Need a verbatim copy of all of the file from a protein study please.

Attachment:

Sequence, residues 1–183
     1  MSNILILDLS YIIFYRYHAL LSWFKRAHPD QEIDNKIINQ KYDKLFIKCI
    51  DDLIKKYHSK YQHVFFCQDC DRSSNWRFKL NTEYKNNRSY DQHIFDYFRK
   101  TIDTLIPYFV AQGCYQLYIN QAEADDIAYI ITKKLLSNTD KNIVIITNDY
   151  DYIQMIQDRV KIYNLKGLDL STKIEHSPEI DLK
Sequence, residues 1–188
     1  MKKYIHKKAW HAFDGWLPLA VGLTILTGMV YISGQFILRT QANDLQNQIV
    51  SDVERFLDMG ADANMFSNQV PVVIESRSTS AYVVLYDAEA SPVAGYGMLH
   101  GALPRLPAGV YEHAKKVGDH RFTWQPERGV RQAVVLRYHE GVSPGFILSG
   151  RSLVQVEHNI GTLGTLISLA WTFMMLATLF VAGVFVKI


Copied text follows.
Sequence, residues 1–183
     1  MSNILILDLS YIIFYRYHAL LSWFKRAHPD QEIDNKIINQ KYDKLFIKCI
    51  DDLIKKYHSK YQHVFFCQDC DRSSNWRFKL NTEYKNNRSY DQHIFDYFRK
   101  TIDTLIPYFV AQGCYQLYIN QAEADDIAYI ITKKLLSNTD KNIVIITNDY
   151  DYIQMIQDRV KIYNLKGLDL STKIEHSPEI DLK
Sequence, residues 1–188
     1  MKKYIHKKAW HAFDGWLPLA VGLTILTGMV YISGQFILRT QANDLQNQIV
    51  SDVERFLDMG ADANMFSNQV PVVIESRSTS AYVVLYDAEA SPVAGYGMLH
   101  GALPRLPAGV YEHAKKVGDH RFTWQPERGV RQAVVLRYHE GVSPGFILSG
   151  RSLVQVEHNI GTLGTLISLA WTFMMLATLF VAGVFVKI